• The other controls on the screen will then position themselves around or in relation to this one anchor object.

  • You can also have more than one anchor object on your form…for example, if you have a form with 2 columns, typically the top most control is the anchor control.

  • If the app size changes though, you can switch to a different control as your anchor.

Your form needs to be responsive to changes in size

i.e. if the controls or objects are going to start smashing into each other OR if they start moving too far apart. After your anchor control is place, the controls that follow in the layout will derive their X and / or Y properties based off the X and Y properties of the anchor control.

Building a Responsive UI

Here are a few steps you can follow to create a responsive UI.

Set a Standard Control Width

Start out by creating a variable to store the standard width in.

Use a standard control width. Set it into a variable for later reuse, reference or calculation.

Use a standard control width. Set it into a variable for later reuse, reference or calculation.

Begin Layout of Controls

Place a label on your form, this is your anchor control. Change the name of it to be lblTitle.

  • Set this control’s width to be the width you had defined previously in a variable.

    • varStandardWidth

  • For the Y property of lblTitle, set it to 40. We always want it to be 40 pixels from the top of our form regardless of size.

  • For the X property of lblTitle, set it to the formula below:

    If(App.Width > varStandardWidth*2,((App.Width/2) - varStandardWidth) / 2, (App.Width/2)-(varStandardWidth/2))

Add a textbox on the form. Change the name of it to be txtTitle and set the width to be the width you had defined previously in a variable.

  • The textbox’s Y property / vertical position, is going to be directly under the anchor control. Set this control’s Y property to:

    • lblTitle.Y + 40

  • For the X property of txtTitle, set it to the formula below:

    If(App.Width > varStandardWidth*2,((App.Width/2) - varStandardWidth) / 2, (App.Width/2)-(varStandardWidth/2))

Place a new label on your form to the right of your first label, this is going to be another anchor control but for a second column.

  • Change the name of it to be lblEmployeeName and set the width property to be varStandardWidth.

  • Because we now have two labels or controls side by side, we need to consider the screen width, if the screen gets too constricted, we’ll need to move the right most label to be under the controls already on the left and the ones on the left might need to shift as well. Enter this formula in the X property of your new lblEmployeeName:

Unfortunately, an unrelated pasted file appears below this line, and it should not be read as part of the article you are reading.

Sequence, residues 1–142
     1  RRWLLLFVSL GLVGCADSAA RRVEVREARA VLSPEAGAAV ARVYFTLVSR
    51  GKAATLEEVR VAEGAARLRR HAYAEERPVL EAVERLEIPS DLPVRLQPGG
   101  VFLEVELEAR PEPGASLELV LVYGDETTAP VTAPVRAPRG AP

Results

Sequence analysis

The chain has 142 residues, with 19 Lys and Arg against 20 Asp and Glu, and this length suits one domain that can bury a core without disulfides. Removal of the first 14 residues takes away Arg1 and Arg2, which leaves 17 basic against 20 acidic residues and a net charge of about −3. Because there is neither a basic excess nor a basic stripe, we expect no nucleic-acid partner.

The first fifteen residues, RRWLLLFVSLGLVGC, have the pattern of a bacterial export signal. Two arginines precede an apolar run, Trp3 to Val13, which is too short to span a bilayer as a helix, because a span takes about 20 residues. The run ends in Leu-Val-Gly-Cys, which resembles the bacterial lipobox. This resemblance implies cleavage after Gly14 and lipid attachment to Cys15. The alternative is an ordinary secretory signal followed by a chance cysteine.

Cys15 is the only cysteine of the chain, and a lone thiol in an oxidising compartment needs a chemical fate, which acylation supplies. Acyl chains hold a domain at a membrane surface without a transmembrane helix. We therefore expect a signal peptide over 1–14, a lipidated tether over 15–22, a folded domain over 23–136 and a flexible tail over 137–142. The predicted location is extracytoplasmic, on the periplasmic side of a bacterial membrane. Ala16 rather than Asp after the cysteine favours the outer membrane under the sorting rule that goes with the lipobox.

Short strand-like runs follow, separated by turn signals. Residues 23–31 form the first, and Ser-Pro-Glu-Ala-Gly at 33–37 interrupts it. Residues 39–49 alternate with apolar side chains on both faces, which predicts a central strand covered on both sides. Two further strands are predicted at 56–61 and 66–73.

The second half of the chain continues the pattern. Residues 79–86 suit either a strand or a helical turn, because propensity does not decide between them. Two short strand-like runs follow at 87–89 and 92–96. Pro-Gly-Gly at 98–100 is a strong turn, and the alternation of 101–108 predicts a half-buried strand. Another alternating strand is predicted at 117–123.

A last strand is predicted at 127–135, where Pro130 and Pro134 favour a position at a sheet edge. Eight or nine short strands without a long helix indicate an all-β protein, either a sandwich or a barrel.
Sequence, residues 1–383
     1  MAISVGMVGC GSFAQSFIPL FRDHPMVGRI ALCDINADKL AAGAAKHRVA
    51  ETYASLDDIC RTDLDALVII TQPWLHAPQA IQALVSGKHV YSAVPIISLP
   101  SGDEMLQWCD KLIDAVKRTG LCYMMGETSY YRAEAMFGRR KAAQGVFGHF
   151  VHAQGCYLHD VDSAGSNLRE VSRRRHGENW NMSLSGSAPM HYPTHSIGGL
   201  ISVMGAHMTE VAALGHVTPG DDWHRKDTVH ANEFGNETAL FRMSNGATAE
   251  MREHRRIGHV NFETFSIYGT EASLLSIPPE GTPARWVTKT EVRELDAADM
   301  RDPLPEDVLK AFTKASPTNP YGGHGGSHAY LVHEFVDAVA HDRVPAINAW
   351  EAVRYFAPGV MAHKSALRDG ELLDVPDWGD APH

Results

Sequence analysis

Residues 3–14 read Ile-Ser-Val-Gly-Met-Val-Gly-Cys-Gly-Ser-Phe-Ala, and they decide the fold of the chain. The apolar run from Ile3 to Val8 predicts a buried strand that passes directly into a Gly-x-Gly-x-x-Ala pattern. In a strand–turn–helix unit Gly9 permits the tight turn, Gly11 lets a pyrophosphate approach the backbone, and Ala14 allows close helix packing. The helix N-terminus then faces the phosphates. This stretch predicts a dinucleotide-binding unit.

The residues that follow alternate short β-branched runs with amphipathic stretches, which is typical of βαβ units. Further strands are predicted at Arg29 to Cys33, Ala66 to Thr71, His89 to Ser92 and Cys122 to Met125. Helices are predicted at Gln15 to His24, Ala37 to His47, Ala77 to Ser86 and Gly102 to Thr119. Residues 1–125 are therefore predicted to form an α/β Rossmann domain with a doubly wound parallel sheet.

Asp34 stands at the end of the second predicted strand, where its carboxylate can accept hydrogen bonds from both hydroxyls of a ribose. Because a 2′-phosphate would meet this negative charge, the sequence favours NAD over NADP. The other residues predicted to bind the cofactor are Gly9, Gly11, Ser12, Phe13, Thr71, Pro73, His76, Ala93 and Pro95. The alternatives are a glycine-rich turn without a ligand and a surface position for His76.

If(App.Width > varStandardWidth*2,((App.Width/2) - varStandardWidth) / 2 + (App.Width/2), (App.Width/2)-(varStandardWidth/2)) 

  • Basically this statement says:

  • If the app width is greater than two of my control widths place the control in the center of the right half of the screen. 

  • If its smaller than 2 of my controls side by side, place the control in the center of the available space. 

  • Going back to the formula for our anchor control X property and its accompanying txtTitle control, it basically says the same thing EXCEPT if the screen with is greater than 2 of the controls inline horizontally, it centers it in on the left side of the screen.

  • For the Y property of our lblEmployeeName, this is the formula we use:
    If(App.Width > varStandardWidth*2, 40, (txtTitle.Y + 40))

    • This statement says, if the app width is great than two of my control width’s then put this control at the top of the screen. If not, then put it directly under our txtTitle control.

  • Drop one last textbox on the form. Change the name of it to be txtEmployeeTitle and set the width to be the width you had defined previously in a variable.

  • The X property of txtEmployeeName will be exactly the same as the X Property for the lblEmployeeName, you can copy it across.

  • The Y property of the txtEmployeeName will mimic the txtTitle control except it will be under the lblEmployeeName 

You should now have 4 controls on your canvas and their X and Y values tell them where to be based on the screen width - rendering a layout that is either side by side (two column) or stacked under one another (single column). 

You should now be able to save / publish your app and test it in a browser.

Opportunity to Improve

You might be able to see some areas for improvement in what we’ve shown here.

Especially those long (ugly) formulas for the X properties. You could set these up as their own variables when the form loads…this will definitely reduce the amount of script / code you have to maintain.

One Last (Very Important) Thing

Once your form is complete, be careful. If you move the objects on the canvas with you mouse OR if you accidentally move the control when selecting it…it will overwrite your entered X / Y values. In this case Ctrl-Z (undo) is your friend. Remember to save often friends!

Reference: This article from Smashing Magazine was of help for us along the way! Click here to read the article

Conclusion

We hope you found this post to be useful! Good luck on creating responsive Canvas Apps and happy building.